A decade before EDWINS, there was a dream. That dream belonged to Brandon Chrostowski, an impassioned hospitality professional who believed that everybody deserved a second chance, just as he had enjoyed as a youth. Since launching EDWINS in 2013, 150 formerly incarcerated citizens graduated from the program and went on to find gainful employment. None have relapsed into criminal behavior and returned to prison.
Despite his incontrovertible successes, Chrostowski has bigger dreams still. Those dreams all revolve around helping as many people as possible. Toward that end, he announced to Scene that he is running for Mayor of Cleveland.
“If I didn’t have the courage to open EDWINS, then I wasn’t serving my purpose of helping others in this world,” he explains. “This is the same feeling.”
Chrostowski said that out of respect, he notified Mayor Jackson of his intentions before reaching out to this publication.
“I’m not going to knock the job he did,” Chrostowski explains. “He’s a great shepherd. But I believe my ideas can be stronger for Cleveland than the current ideas. These are ideas, but they are ideas that are more than possible, otherwise I wouldn’t be doing this.”
Many of those ideas involve scaling up the tactics and strategies that Chrostowski already is doing and succeeding at.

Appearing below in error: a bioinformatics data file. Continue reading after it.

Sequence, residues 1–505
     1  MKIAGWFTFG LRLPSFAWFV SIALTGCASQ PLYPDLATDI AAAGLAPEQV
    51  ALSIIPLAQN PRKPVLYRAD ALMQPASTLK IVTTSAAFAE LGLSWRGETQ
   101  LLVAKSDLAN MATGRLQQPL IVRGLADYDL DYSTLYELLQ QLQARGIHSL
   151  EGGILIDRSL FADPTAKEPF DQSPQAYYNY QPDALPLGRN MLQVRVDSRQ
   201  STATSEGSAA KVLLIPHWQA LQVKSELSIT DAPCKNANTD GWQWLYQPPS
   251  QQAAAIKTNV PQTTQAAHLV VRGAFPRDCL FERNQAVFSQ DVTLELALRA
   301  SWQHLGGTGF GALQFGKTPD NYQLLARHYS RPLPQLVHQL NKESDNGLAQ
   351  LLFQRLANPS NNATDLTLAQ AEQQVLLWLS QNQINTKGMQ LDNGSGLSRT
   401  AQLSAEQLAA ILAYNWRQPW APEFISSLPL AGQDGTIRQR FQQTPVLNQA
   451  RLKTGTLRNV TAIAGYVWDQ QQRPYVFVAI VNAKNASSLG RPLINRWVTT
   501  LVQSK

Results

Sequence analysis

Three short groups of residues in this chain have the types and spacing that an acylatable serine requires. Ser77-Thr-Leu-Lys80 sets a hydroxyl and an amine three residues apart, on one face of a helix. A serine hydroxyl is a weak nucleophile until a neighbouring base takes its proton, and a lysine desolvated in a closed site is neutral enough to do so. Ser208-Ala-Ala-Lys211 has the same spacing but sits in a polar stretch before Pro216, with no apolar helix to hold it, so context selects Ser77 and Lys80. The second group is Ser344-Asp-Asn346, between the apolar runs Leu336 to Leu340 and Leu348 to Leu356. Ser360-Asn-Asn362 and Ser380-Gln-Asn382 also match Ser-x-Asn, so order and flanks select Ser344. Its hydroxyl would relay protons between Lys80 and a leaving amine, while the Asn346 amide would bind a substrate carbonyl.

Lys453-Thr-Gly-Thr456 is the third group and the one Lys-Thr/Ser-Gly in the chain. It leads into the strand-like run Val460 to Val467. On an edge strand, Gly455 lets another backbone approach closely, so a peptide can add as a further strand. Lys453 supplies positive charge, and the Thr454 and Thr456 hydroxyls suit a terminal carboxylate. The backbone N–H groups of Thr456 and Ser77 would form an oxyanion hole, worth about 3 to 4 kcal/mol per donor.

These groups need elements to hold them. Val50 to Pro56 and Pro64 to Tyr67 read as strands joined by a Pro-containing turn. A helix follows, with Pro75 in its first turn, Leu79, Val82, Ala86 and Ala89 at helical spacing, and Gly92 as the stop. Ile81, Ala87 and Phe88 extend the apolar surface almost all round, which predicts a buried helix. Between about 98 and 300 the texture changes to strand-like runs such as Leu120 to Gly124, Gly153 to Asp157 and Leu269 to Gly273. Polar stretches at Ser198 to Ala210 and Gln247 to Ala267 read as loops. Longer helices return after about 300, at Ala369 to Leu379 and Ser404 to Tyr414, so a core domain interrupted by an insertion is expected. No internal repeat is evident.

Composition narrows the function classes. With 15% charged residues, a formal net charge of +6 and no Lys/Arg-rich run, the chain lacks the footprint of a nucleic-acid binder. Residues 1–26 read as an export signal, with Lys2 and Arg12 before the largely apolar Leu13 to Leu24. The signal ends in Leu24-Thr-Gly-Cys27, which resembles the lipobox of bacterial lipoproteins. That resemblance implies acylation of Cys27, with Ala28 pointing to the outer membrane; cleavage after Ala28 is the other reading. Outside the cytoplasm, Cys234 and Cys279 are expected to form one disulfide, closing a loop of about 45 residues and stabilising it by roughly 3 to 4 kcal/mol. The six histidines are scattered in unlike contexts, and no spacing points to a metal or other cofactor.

“I’ve been studying the accounting and economics of Cleveland,” he says. “The biggest costs for both the City and the County is corrections – not enforcement and safety, but simply corrections. The biggest income for the City of Cleveland is income tax. If you’re telling me that the biggest expense is corrections, and the biggest income is people’s income tax, then building training centers like EDWINS in neighborhoods where it can help area businesses grow is the key to changing the city and helping it grow. That’s it.
“You’re taking people who want to work but don’t have the skills and giving them work, which keeps the streets cleaner and keeps revenue coming in, and the cost savings would be monumental.”
In promotional material forwarded to Scene, Chrostowski expounds on his vision for a better Cleveland:
“As I travel through the city, I see acres of unfulfilled promise. I see the potential of our exuberant youth and the wisdom of citizens who have remained loyal to the idea of what Cleveland could be. I see businesses fighting to hang on and serve communities that have supported them for generations. I also see a broad disconnect between what our citizens need and the policies enacted to provide it. I see clearly, as do many others, that it is now time for a change.”